Lower-than-anticipated returns or higher-than-anticipated payments mean the sponsor of the pension (a state government, a municipality, a corporation) should make additional contributions to cover the projected shortfall and keep the pension fully funded. But since a one-year deficit may not cause current retirees to lose benefits, and because there may not be funds available to make an additional contribution, regulators give pension managers some latitude to restore the deficit through other methods. Typically, this means projecting higher returns.
If higher returns are achieved, problem solved. But if investment returns are again below projections, the pension needs either a larger infusion of capital, or it must project an even higher return from investments.
Today, many pensions, even those operated by governmental units, are woefully under-funded, and the sponsors don’t have the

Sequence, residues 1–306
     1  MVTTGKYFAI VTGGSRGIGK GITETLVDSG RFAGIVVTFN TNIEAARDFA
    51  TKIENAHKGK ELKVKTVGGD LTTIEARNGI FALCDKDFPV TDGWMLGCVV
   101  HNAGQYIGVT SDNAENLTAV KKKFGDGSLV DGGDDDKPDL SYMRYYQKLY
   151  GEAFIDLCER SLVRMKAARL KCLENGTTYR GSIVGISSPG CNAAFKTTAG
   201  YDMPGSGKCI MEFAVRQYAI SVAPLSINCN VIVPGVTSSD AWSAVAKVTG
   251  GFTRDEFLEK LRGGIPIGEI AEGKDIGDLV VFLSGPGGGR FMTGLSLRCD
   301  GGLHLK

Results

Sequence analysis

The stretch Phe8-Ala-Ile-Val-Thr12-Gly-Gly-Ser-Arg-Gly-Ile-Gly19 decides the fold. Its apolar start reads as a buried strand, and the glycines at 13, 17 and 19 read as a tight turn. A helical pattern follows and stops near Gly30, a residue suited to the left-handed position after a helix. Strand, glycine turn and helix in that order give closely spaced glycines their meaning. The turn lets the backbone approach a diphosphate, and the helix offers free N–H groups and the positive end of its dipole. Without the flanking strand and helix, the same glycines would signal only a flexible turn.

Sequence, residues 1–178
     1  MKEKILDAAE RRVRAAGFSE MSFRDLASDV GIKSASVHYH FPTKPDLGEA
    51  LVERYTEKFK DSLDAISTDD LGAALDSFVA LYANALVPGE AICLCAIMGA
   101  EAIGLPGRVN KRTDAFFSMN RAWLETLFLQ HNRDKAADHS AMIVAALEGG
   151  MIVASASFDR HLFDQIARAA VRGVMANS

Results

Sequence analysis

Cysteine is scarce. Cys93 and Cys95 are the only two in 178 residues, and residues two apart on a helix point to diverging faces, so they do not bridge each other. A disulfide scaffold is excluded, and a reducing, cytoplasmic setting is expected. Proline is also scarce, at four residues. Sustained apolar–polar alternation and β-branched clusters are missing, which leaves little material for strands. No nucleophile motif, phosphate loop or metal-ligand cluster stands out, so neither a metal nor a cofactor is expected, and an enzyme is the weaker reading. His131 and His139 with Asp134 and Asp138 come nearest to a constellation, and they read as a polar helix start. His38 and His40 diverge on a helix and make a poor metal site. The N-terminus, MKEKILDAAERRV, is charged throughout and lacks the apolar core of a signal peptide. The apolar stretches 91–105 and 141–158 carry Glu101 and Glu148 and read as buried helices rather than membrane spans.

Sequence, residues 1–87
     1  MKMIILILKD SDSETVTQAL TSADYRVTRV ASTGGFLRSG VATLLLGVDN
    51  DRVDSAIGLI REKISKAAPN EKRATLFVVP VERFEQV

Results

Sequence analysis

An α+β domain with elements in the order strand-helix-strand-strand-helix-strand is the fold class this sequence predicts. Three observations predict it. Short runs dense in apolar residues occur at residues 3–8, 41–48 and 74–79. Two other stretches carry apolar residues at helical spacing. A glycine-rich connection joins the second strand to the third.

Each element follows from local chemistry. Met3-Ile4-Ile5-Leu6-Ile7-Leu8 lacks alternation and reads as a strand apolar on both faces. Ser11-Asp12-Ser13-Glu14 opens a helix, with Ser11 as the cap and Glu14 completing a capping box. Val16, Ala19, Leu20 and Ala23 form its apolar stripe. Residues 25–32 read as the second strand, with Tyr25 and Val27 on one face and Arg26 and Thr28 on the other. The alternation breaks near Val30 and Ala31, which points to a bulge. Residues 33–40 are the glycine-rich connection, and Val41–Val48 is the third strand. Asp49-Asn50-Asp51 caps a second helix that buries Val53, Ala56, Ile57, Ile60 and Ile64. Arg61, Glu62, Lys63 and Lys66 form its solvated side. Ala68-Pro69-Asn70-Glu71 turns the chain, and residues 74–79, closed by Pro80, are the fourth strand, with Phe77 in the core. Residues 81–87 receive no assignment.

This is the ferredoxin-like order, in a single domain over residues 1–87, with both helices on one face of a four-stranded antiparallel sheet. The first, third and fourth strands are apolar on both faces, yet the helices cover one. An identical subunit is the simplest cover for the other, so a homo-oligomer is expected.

cash to make up the difference. Consequently, investment managers have to push the envelope in their portfolios.
An August 2019 Wall Street Journal article, “Public Pension Funds Miss Their Mark,” says that “In hopes of reducing their unfunded liabilities, pensions have pushed further into riskier, less-traditional investments over the past decade.” Yet in terms of results, “Public pensions lagged behind their projected returns this year.”
When pensions don’t have enough money to meet future obligations, trying to cover the deficit with riskier, less-traditional investments is definitely pushing the envelope. And since this approach has been used before in the private sector – and ended badly – some observers see a crash coming.
Insight from Failure